About the author: Ricardo Guthrie has been a citizen of Arizona since 2008, is a parent of a student currently enrolled at NAU and was the first tenured faculty member in the Ethnic Studies program.
Two pandemics currently plague northern Arizona: COVID-19 and institutional racism.
Everyone is keen to address the pandemic head-on, but pleas for addressing structural racism on the Mountain have been ignored. The numbers don’t lie: There is a disparate impact in the hiring and retention at NAU that results in startlingly low numbers of Black faculty on campus. Could this be the result of implicit bias, or is it part of a pattern of structural racism that pervades the United States?
For example, by multiple indices, we can document structural inequalities resulting in more deaths and disparate health for Indigenous, Latinx and Black communities, but statistics compiled over 20 years at NAU also reflects a pattern of disparate impact in the recruitment, departure and resultant absence of Black families, staff and faculty in Flagstaff. The statistics are alarming.
Currently, there are less than 18 full-time Black faculty at NAU; fewer than eight are tenured out of over 1100 full-time faculty. The ratio between full-time white faculty and African American faculty remains 50-to-1. Despite successful hiring of ten full-time Black faculty by the Department of Ethnic Studies (ES) since 2003, only three remain. And, despite increases in enrollment and demand for ES instructors, since fall 2020 three ES faculty of color have been recruited away, and one was laid off — an exodus of 40% of the shrinking ES faculty core in less than one year.
Instead of strengthening retention for Hispanic, Black and Indigenous students, who experience higher push-out rates compared to other groups at NAU, the rapid exodus of Black and faculty of color (BIPOC) means fewer role models for these students on campus.
In addition, at least five Equal Employment Opportunity Commission complaints by BIPOC faculty have been filed since 2016 with no relief in sight. At this rate, by the time Dr. José Luis Cruz takes office as NAU president in June, he will find far too few racially diverse faculty who understand NAU, remain in Flagstaff and can help cope with the challenges students of color face.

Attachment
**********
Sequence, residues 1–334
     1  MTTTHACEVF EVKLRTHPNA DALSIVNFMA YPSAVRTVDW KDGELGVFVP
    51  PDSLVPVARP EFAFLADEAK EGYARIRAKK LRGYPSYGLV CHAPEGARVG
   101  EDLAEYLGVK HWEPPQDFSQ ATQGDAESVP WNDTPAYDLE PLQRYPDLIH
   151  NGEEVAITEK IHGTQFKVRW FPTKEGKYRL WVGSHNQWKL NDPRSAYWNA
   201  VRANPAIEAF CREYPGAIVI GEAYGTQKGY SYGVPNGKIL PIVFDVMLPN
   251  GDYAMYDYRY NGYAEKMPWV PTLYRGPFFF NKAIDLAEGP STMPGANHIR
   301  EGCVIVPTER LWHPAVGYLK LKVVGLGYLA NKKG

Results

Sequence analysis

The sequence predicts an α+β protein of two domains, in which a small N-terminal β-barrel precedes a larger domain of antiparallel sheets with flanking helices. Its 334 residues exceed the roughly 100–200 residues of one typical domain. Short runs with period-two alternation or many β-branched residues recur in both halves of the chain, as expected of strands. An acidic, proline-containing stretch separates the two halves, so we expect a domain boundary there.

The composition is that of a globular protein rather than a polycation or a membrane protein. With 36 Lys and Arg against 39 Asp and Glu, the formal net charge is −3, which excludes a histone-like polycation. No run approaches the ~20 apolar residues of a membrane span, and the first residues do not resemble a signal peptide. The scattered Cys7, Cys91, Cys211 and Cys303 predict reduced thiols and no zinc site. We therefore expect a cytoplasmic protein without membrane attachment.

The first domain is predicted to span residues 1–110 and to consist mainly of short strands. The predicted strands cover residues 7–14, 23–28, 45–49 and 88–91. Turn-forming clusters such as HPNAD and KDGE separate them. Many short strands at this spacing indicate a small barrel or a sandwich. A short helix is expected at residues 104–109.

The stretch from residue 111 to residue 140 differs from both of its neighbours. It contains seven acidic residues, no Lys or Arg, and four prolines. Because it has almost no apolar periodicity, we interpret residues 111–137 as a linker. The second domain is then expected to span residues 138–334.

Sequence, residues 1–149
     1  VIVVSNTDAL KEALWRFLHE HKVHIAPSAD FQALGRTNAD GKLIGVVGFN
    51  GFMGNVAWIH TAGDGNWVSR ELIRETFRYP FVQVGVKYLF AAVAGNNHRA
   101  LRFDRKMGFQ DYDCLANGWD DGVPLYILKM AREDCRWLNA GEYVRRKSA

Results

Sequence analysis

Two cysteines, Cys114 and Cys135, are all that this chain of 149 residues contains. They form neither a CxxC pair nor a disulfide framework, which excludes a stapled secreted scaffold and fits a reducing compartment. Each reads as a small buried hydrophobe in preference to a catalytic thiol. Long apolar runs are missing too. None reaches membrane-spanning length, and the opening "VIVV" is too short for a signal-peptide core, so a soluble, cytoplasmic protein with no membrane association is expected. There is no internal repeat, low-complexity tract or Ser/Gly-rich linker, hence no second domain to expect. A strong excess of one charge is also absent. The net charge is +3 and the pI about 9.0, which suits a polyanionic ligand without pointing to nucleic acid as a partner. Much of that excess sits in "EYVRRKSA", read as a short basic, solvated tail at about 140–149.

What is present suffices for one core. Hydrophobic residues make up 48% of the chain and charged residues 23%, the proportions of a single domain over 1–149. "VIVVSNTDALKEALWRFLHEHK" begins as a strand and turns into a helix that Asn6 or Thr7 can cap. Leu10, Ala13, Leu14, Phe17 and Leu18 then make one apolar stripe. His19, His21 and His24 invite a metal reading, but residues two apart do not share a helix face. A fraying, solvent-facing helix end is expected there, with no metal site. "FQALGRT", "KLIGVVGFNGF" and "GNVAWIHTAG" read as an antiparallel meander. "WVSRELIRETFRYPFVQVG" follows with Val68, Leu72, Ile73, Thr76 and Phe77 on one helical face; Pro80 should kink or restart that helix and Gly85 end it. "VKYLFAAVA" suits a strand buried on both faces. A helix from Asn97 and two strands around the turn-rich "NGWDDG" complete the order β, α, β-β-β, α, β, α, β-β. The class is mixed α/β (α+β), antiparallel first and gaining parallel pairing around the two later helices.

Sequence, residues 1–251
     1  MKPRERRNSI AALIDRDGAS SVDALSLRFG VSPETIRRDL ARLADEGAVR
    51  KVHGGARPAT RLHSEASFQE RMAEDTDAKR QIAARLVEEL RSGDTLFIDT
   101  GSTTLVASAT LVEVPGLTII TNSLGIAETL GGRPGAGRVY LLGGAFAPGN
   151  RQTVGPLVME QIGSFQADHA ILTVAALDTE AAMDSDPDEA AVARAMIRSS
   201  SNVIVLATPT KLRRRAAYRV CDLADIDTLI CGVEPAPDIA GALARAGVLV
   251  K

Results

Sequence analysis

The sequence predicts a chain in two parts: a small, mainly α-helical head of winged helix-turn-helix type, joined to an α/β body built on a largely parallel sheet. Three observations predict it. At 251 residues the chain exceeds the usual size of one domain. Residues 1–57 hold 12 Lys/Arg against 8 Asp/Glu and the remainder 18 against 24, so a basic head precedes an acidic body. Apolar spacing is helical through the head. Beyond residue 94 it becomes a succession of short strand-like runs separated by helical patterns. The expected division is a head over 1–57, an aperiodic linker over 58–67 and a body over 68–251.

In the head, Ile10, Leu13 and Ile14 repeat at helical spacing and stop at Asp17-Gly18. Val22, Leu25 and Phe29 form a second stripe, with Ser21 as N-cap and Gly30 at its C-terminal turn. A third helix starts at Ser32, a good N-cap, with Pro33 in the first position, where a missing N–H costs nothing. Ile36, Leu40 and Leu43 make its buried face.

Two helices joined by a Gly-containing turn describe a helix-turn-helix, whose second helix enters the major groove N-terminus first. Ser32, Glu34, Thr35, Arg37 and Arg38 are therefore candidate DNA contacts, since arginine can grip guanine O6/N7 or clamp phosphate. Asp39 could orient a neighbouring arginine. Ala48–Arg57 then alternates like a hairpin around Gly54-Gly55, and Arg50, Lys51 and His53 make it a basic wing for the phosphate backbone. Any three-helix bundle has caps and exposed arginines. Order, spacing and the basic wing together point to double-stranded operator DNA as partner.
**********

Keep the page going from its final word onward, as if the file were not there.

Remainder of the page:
The trend appears endemic to NAU, which ranked No. 387 in diversity among U.S. colleges. ASU ranks No. 114 and UArizona No. 67; even GCU, No. 265, and Brigham Young University, No. 230, have better diversity rankings than NAU.
But why do they leave, and what is the impact on educational and career options of students?
“Campus climate” surveys of students and faculty have been withheld from the public, erasing the largely negative feelings of BIPOC faculty and students that might explain why they leave.
But recruitment to the Mountain is not the problem: NAU has over 40% Latinx, Black, Indigenous and Asian students, but less than 25% nonwhite faculty.
In a state becoming majority Latinx, NAU’s recruitment and retention strategies for BIPOC faculty and staff are nonexistent. NAU couldn’t have done worse at hiring if they had planned to exclude Black candidates from consideration!
Most departments have never hired a Black instructor, nor any nonwhite staff. If it weren’t for Ethnic Studies and Applied Indigenous Studies, tenure-track Black and Indigenous faculty would exist in only three of the 12 academic units in the College of Social and Behavioral Sciences (SBS). The numbers are even worse across the rest of campus.
Though NAU was recently named a Hispanic-serving institution because its undergraduate student body is 25% Hispanic students, it has relatively few culturally responsive academic courses for Latinx learners. And the newly revised general studies program does nothing to increase the capacity for more culturally responsive programming — in fact, it lowers the bar on what constitutes diversity in education at NAU.
Overall, NAU is an anachronistic public university — mostly white in an increasingly nonwhite region. It is clear from research, and the declining birth rate data for white students, that public universities serving majority-minority populations cannot remain predominantly white institutions (PWI) and expect to succeed. Declining white birth rates ensure that most college-going students will become nonwhite, but NAU has failed the test of retaining instructors to reflect these demographics.
Finally, challenged by the task of retaining nonwhite role models on a PWI campus, NAU fails to make counteroffers to retain BIPOC faculty, as revealed this year when three Ethnic Studies faculty, who were LatinX, Native American and Asian American, departed — receiving offers that the university didn’t even bother to match.
What is the impact of BIPOC faculty leaving NAU for other environs? It results in extreme white environments in which implicit bias, discrimination and micro-aggressions escalate, leading to rapid turnover of human capital and vital resources that our students need for a globally informed, racially diverse educational experience. Black female students, in particular, simply don’t see themselves reflected in the faculty ranks. There are only two Black women tenured at NAU. And, according to research, this creates disparate outcomes for students, residents and faculty of all backgrounds.
COVID plagues our city, but structural racism plagues our university and our public school system. Can we afford to lose more Black faculty on the Mountain?